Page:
Solaris Features: Service Management Facility - Part 2: The foundations of SMF

The additional capabilities of the SMF comes at a price. SMF has to know more about your services. Most of the new components of the SMF has to do with this capabilties. So we have to define some foundations before doing some practical stuff.

Service and Service Instance

At first we start with the service and the service instance. This difference is important. The service is the generic definition how a service is started. The service instance is the exact configuration of a service. A good example is a webserver. The service defines the basic methods how to start or stop an apache daemon, the service instance contains the information, how an specific configuration should work (which port to listen on, the position of the config file). A service can define to allow just one instance, as well you can define, you can have multiple instances of a certain service. But: A service doesn´t have to be a long running process. Even a script that simply exits after executing (e.g. for some commands to do network tuning) is a special kind of a service in the sense of SMF.


A milestone is somehow similar to the old notion of runlevel. With milestones you can group certain services. Thus you don´t have to define each service when configuring the dependencies, you can use a matching milestones containing all the needed services. Furthermore you can force the system to boot to a certain milestone. For example: Booting a system into the single user mode is implemented by defining a single user milestone. When booting into single user mode, the system just starts the services of this milestone. The milestone itself is implemented as a special kind of service. It´s an anchor point for dependencies and a simplification for the admin. Furthermore some of the milestones including single-user, multi-user and multi-user-server contain methods to execute the legacy scripts in rc*.d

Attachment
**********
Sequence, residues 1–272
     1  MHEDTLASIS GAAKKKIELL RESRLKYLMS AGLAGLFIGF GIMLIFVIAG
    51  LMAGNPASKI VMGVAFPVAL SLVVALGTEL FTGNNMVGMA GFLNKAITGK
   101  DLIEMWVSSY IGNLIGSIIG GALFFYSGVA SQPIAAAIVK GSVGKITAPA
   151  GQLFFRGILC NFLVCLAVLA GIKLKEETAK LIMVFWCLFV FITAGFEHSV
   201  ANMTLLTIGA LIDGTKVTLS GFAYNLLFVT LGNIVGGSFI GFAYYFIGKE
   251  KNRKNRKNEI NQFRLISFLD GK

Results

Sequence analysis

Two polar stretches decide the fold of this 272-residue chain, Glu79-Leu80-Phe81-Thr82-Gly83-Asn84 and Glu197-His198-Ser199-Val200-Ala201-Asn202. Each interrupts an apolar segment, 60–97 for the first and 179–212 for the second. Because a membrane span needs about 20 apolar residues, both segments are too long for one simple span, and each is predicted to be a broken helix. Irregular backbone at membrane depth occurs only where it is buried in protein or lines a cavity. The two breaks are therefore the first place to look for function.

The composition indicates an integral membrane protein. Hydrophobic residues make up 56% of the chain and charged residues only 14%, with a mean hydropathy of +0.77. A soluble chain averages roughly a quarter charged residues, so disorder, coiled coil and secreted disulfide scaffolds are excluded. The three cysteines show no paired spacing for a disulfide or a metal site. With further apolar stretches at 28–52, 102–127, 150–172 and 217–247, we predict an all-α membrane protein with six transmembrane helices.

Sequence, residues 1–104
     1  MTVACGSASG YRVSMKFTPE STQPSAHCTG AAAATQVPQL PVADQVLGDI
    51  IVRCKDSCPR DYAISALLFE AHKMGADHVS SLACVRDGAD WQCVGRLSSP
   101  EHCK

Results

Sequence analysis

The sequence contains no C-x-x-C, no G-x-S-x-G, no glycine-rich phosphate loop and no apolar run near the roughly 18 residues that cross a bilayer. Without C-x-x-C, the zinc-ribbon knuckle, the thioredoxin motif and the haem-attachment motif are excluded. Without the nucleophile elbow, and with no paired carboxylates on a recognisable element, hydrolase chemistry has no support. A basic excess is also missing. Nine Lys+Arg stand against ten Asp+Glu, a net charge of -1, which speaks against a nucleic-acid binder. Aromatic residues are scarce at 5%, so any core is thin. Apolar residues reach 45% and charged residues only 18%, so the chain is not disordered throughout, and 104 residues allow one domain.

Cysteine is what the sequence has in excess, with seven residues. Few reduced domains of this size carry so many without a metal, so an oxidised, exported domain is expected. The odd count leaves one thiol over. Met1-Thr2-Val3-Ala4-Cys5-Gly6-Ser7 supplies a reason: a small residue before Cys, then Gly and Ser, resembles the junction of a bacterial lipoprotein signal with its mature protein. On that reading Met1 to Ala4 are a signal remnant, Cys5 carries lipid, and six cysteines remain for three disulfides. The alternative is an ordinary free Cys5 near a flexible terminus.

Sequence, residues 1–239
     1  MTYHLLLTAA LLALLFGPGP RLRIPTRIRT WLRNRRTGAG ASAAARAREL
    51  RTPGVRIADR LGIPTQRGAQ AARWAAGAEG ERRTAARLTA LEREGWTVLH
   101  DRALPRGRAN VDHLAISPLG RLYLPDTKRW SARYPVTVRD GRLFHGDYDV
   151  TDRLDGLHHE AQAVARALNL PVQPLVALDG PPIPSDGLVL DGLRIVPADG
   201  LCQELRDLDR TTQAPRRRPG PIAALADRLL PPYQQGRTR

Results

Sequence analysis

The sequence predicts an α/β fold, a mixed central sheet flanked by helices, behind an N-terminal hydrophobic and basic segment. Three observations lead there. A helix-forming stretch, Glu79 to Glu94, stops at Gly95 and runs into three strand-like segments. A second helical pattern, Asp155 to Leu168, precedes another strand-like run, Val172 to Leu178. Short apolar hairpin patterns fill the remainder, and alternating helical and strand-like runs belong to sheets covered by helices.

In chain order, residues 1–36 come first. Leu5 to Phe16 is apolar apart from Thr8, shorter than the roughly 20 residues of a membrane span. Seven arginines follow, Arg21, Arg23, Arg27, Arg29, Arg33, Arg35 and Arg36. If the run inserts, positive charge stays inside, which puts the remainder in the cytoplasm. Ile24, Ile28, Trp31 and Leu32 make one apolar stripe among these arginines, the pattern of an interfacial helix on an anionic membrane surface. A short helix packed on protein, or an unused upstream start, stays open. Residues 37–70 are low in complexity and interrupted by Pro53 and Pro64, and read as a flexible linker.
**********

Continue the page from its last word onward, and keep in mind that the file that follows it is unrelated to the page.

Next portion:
Fault Manager Resource Identifier

Every service instance and service instance has a unique name in the system do designate it precicely. This name is called Fault Management Resource Identifier. For example the SSH server is called:


The FRMI is divided by the : into three parts. The first part designates the resource as an service. The second parts designates the service. The last part designates the service instance. Into natural language: It´s the default configuration of the ssh daemon. But why is this identifier called Fault Manager Resource Identifier? Fault Management is another important feature in Solaris. The FM has the job to react automatically to failure events. The failure of a service isn´t much different to the failure of a hard disk or a memory chip. You can detect it and you can react to it. So the Fault Management is tightly integrated into the service mangement.

Service Model

As i mentioned before, not at all services are equal and they have different requirements to starting them. Thus the System Managemen Facility knows different service models:

Transient service

The simplest service model is transient. You can view it as a script that gets executed while starting the system without leaving a long-lived server process. You use it for scripts to tune or config things on your system. A good example is the script to configure the core dumping via coreadm. A recommendation at this place: Don´t use the transient model to transform your old startup scripts. Albeit possible, you loose all the advantages of SMF. In this case it would be easier to use the integrated methods to use legacy init.d scripts.

Standalone model

The third service model is the standalone model. The inner workings of this model are really simple. Whenever the forked process exits, SMF will start it again.

Contract service

The standard model for services is contract. This model uses a special facility of the Solaris Operating Environment to monitor the processes

A short digression: Contracts

Did you ever wondered about the /system/contract filesystems. It´s the most obvious sign of the contracts. The contract model ist based on a kernel level construct to manage the relationships between a process and other kernel managed resources. Such resources are processor sets, memory, devices and most important for SMF other processes. Process contracts describe the relation between a process and it´s child process. The contract subsystem generates events available to other processes via listeners. Possible events are:

Event    Description
empty    the last process in the contract has exited
process exit    a process in the process contract has exited
core    a member process dumped core
signal    a member process received a fatal signal from outside the contract
hwerr    a member process has a fatal hardware error

Your system already use this contracts. Let´s have a look at sendmail.

# ptree -c `pgrep sendmail`
[process contract 1]
1 /sbin/init
[process contract 4]
7 /lib/svc/bin/svc.startd
[process contract 107]
792 /usr/lib/sendmail -bd -q15m -C /etc/mail/
794 /usr/lib/sendmail -Ac -q15m

With the -c option pstree prints the contract IDs of the processes. In our example, the sendmail processes run under the contract ID 107. With ctstat we can lookup the contents of this contract:

# ctstat -vi 107
107 0 process owned 7 0 - -
cookie: 0x20